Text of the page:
On 16th of July 2009, the EU celebrates the 1st birthday of the implementation of "Subpart Q". Being part of the "EU-OPS Regulation", it sets a minimum level of safety rules (Flight Time Limitations) aimed at preventing pilot fatigue from posing a danger to flight safety.
It is noteworthy that – one year on – there are still airlines that have not aligned to Subpart Q, or have been granted hastily fabricated temporary exemptions from Subpart Q, of which the EU Commission often only learned afterwards, when alerted by ECA's "whistle-blowing". For example, a National Aviation Authority granted an immediate exemption to a well-known Brussels-based company in Nov. 2008, but somehow "forgot" – for almost 7 months(!) – to inform the EU Commission, who needs to validate this exemption. Is this the way aviation safety should be dealt with by national Authorities?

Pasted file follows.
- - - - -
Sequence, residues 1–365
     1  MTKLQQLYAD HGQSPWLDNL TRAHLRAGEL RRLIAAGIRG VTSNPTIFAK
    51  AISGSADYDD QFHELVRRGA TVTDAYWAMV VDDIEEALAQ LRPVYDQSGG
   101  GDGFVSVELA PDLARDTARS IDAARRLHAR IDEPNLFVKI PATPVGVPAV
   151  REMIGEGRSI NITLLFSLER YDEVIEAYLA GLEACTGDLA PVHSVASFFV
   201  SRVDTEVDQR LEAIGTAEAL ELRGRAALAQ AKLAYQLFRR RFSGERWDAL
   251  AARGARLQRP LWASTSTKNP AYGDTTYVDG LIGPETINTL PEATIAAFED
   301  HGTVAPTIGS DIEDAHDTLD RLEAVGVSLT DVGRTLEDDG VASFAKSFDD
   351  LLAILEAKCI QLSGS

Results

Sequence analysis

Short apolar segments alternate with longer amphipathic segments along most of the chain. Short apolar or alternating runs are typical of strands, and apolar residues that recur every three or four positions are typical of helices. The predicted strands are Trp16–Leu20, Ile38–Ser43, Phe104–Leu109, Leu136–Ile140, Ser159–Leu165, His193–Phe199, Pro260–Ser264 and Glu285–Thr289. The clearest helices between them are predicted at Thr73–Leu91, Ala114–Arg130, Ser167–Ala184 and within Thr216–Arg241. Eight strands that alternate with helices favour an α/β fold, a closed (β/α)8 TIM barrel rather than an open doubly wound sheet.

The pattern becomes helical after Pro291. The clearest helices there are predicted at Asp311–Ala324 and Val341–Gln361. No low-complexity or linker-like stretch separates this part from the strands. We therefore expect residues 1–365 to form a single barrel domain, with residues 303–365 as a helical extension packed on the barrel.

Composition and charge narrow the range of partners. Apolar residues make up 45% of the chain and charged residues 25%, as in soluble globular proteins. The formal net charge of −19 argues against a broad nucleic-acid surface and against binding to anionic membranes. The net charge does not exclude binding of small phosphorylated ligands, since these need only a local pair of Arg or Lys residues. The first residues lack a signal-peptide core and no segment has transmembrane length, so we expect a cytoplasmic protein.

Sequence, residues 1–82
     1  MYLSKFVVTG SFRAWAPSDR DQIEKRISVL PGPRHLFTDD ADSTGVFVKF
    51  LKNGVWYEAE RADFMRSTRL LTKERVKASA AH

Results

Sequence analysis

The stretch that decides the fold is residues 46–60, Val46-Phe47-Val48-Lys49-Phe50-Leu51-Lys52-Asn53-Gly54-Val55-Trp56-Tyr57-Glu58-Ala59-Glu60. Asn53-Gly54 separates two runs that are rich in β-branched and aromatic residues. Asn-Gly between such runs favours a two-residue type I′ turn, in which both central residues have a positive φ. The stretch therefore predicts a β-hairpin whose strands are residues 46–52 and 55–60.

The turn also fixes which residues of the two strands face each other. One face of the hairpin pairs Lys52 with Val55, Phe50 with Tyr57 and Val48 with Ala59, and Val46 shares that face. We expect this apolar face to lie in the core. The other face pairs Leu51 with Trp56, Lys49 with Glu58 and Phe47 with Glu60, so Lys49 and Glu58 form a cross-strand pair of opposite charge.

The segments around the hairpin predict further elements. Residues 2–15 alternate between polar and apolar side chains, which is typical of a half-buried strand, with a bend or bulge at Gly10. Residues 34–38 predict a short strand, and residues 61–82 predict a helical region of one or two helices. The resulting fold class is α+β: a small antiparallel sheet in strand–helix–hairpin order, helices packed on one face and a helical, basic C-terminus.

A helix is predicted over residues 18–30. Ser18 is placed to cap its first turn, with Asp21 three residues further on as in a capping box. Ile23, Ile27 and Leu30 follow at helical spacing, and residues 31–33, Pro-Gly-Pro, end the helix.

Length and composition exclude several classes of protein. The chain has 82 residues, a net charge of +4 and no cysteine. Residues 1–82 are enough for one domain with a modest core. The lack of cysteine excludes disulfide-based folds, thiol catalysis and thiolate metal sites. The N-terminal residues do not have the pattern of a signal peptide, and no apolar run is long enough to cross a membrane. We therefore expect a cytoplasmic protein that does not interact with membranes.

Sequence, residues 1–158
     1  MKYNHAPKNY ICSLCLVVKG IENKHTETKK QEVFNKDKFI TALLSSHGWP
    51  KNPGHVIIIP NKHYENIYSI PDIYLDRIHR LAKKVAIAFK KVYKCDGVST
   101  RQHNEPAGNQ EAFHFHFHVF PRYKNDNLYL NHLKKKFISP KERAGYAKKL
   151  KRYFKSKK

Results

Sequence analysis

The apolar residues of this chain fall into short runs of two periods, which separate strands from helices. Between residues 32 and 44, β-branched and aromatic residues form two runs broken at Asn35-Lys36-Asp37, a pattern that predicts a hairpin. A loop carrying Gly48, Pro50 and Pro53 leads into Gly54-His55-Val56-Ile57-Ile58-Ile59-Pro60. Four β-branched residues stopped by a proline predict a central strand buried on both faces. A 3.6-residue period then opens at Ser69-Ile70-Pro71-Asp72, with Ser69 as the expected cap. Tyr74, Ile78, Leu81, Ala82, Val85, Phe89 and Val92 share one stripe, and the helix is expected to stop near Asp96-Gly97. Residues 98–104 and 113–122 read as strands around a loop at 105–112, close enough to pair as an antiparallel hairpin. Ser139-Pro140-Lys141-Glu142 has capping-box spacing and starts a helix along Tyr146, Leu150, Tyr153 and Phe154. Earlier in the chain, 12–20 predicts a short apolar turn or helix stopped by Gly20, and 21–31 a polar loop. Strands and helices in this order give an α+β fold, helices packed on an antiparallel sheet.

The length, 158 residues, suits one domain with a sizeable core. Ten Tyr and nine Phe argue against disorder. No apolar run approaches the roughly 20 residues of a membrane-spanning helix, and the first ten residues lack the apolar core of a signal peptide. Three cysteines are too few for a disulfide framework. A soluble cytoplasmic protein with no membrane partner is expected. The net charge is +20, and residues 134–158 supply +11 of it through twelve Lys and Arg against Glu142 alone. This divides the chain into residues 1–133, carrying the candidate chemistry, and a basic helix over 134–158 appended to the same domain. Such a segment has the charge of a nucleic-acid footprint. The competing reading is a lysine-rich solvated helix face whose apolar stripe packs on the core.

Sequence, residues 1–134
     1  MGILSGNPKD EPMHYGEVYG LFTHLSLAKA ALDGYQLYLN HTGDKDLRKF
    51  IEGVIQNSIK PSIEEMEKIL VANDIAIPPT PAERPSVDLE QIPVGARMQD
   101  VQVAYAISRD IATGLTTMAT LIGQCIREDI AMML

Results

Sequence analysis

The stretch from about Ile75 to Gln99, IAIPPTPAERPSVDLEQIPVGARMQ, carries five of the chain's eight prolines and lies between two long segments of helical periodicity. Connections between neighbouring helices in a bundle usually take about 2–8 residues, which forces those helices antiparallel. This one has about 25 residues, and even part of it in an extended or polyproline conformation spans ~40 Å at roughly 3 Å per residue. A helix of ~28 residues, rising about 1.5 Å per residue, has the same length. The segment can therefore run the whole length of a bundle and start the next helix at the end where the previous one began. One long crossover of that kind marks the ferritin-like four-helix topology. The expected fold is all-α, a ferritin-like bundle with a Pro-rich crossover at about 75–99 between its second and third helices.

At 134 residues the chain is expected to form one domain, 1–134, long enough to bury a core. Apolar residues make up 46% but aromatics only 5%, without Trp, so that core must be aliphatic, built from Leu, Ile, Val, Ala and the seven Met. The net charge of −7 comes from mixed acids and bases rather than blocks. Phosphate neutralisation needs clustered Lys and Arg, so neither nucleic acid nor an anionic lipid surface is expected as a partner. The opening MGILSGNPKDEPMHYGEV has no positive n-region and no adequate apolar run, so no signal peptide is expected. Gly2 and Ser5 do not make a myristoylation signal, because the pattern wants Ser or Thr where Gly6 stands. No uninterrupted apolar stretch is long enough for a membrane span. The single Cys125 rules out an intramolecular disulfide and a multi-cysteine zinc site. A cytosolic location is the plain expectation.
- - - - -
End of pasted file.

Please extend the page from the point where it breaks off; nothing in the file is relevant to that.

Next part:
It is also noteworthy that it is already 9 months since a group of EASA-mandated scientists presented their scientific and medical evaluation of Subpart Q. Their report concludes that Subpart Q is not sufficient to protect against pilot fatigue-related safety risks, and recommends to change it. Since then, 9 months without any steps to start the process of changing the legislation. Is this the way passengers expect the European Institutions to deal with their safety?